So, the Restoration of English magic is A Good Thing, but also a thing fraught with danger and with horrible consequences for some people; and although we see mostly the bad effects of renewed contact with fairies, I think we must also assume that this is A Good Thing too - and worth the risks and costs.

As with everything else; the result of interactions between Men and fairies broadly depend on motivations - especially the motivations of Men (who are more moral than fairies). Therefore, the benefits tend to flow from good motivations, and dangers and suffering tends to be a consequence of bad choices - greed, power-seeking, the desire for status, hatred and so on.

Indeed, the bad consequences of fairy contact can be seen to flow from a single bad (wrong, wicked) choice by Gilbert Norrell during his first contact with the fairy known as The Gentleman with the Thistledown Hair - this being the first contact between an English magician and a fairy for some hundreds of years.

More on this soon.


Anonymous said...

I have been reading this, and it occurred to me it is a giant metaphor for many of the things you talk about here, which is why you like it so much. Does magic stand in for science, and the time of the story for the current time? The loss of magic for the loss of science and intelligence?

jjbees said...

Off your recommendation I purchased the book, so I will come back to this post in about 3 months (It's 1000 pages!).
Don't want to spoil it!

Bruce Charlton said...

@jj - Good luck, hope you like it.

@dl - In my opinion, I don't think any particular allegory or grand metaphor was intended; at least I wasn't especially aware of any such during my first reading - but, as with Tolkien, the story has considerable and multiple applicability, in the way that really good work always does.

John Fitzgerald said...

I must read this book. Your do,meets about fairies are very interesting. They remind me of the stories of the 'Sidhe' in Ireland - those who dwell in the 'Hollow Hills' - stories that I'm very familiar with due to my background.

I think there's something deeper at play here though. I'm intrigued by this notion of an England (or Britain) that's somehow deeper, richer and more profound than the England of our day to day, surface level experience. C.S. Lewis, in 'That Hideous Strength' refers to it as Logres, and Alan Garner (in my opinion) taps into something similar in his early books, particularly Moon of Gomrath - the idea of a deeper stream of reality running parallel to the quotidian levels of business and consumerism and secularism and what have you.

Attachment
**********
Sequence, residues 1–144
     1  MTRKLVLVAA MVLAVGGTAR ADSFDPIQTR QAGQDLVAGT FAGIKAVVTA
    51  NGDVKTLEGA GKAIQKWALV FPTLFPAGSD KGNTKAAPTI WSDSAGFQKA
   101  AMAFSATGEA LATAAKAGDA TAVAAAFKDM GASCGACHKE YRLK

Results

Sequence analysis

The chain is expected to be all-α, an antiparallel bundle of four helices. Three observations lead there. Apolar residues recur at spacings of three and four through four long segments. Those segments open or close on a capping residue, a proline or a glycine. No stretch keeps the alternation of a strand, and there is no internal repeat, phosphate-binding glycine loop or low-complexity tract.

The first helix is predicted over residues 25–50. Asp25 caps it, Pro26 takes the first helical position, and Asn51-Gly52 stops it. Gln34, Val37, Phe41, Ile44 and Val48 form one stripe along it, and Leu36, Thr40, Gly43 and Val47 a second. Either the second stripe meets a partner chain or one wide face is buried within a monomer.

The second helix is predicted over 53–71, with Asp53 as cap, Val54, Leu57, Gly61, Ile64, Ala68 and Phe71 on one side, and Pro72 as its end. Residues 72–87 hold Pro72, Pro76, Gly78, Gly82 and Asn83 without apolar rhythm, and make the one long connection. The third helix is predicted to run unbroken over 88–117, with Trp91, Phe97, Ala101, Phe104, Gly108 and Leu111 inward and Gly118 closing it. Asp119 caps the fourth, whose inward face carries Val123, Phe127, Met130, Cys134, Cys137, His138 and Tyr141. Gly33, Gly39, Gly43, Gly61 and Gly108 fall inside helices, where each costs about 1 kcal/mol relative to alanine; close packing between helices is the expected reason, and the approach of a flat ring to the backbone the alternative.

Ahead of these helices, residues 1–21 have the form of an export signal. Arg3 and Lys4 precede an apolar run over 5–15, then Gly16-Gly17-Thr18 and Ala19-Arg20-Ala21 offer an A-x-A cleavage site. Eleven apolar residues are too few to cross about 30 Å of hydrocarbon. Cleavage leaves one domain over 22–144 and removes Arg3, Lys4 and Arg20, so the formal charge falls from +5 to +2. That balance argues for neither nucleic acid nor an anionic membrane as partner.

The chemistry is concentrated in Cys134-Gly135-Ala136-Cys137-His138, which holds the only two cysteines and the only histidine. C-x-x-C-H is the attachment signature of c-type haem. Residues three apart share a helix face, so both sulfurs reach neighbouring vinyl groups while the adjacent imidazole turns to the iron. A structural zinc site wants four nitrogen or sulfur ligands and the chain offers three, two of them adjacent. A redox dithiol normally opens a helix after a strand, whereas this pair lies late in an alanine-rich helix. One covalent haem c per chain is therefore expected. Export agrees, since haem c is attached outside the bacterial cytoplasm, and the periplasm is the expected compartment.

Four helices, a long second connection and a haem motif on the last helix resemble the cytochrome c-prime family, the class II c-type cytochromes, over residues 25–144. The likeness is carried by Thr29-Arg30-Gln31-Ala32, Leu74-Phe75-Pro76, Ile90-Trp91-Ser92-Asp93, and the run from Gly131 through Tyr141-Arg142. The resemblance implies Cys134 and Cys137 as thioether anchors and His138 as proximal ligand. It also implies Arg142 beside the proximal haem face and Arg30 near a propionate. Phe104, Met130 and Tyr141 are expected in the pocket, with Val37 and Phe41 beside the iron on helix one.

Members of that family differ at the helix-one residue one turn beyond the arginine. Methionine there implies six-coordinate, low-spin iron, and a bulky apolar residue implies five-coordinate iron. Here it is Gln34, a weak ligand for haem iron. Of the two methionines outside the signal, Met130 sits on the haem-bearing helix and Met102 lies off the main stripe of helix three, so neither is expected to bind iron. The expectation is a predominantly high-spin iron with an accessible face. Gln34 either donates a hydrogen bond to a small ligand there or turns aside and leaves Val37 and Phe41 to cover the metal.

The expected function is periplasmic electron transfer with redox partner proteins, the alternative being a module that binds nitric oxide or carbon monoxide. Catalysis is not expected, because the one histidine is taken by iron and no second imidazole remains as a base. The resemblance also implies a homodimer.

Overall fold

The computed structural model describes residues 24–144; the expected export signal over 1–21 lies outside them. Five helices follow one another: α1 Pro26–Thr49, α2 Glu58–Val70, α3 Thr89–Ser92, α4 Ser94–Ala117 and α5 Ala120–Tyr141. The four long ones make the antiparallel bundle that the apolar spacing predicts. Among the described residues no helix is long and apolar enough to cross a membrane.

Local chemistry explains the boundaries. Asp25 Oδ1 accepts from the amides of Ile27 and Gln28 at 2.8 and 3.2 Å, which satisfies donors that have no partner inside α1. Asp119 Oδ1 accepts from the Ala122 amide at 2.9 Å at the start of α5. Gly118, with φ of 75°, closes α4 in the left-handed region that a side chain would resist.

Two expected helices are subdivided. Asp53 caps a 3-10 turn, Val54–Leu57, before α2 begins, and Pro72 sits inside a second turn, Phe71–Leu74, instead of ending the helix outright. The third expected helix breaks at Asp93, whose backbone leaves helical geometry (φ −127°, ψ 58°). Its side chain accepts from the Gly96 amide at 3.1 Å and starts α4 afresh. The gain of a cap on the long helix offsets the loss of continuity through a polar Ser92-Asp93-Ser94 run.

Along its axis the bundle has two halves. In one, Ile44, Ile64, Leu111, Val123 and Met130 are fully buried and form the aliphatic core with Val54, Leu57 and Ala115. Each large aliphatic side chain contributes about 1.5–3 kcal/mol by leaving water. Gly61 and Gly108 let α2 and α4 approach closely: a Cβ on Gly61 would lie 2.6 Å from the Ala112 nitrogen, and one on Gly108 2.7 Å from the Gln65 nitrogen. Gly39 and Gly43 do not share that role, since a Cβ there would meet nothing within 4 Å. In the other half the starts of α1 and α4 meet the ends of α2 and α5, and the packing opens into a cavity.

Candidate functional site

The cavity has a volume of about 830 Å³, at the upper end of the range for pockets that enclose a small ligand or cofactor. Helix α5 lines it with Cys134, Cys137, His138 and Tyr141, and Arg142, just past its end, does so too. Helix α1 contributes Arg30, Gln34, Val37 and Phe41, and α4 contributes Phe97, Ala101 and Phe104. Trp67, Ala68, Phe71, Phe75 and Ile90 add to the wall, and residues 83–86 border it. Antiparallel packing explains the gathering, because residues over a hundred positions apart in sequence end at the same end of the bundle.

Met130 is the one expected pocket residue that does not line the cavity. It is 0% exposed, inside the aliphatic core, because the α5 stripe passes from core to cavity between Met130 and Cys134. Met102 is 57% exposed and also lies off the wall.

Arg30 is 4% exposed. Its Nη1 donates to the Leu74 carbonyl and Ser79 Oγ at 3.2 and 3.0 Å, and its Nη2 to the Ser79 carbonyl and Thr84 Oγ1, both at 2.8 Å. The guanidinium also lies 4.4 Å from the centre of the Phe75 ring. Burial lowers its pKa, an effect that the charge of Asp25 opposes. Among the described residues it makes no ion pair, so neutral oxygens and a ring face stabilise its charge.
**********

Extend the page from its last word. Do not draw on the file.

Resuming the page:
Tapping into that deeper stream and working wth it for good is the key thing. I have often wondered, a propos of this, what a specifically English Apocalypse might look like. The word 'apocalypse' means 'unveiling', of course, and I have the sense that when this event occurs it will take the shape of this deeper England bursting through the simulacra of what we call England now. The great Cathedrals, I feel, will have a part to play in this. They have a brooding watchfulness and huge symbolic power, and whatever else one might say about the C of E it is an undeniable fact that visits UK Cathedrals and Cathedral services have increased quite dramatically these last 10 years or so.

On that day of unveiling, we will think, 'Ah yes, it was always this way, it was always like this. How could we ever have believed in that other England?'

But by the we will have already forgotten about that 'other England' we take so seriously now. It will have disappeared. Reality will have broken through.

Bruce Charlton said...

@John - I think along similar lines - that there will be some such happening - a time of destiny; although the outcome will not be predetermined - and the people could reject their destiny.

Nathaniel said...

This parallels your genius problem - "What happened to the geniuses?" We are shown that with evil motivation the power of genius is not a good thing; and of course an evil, selfish, jealous genius would seek out to destroy all potential competition.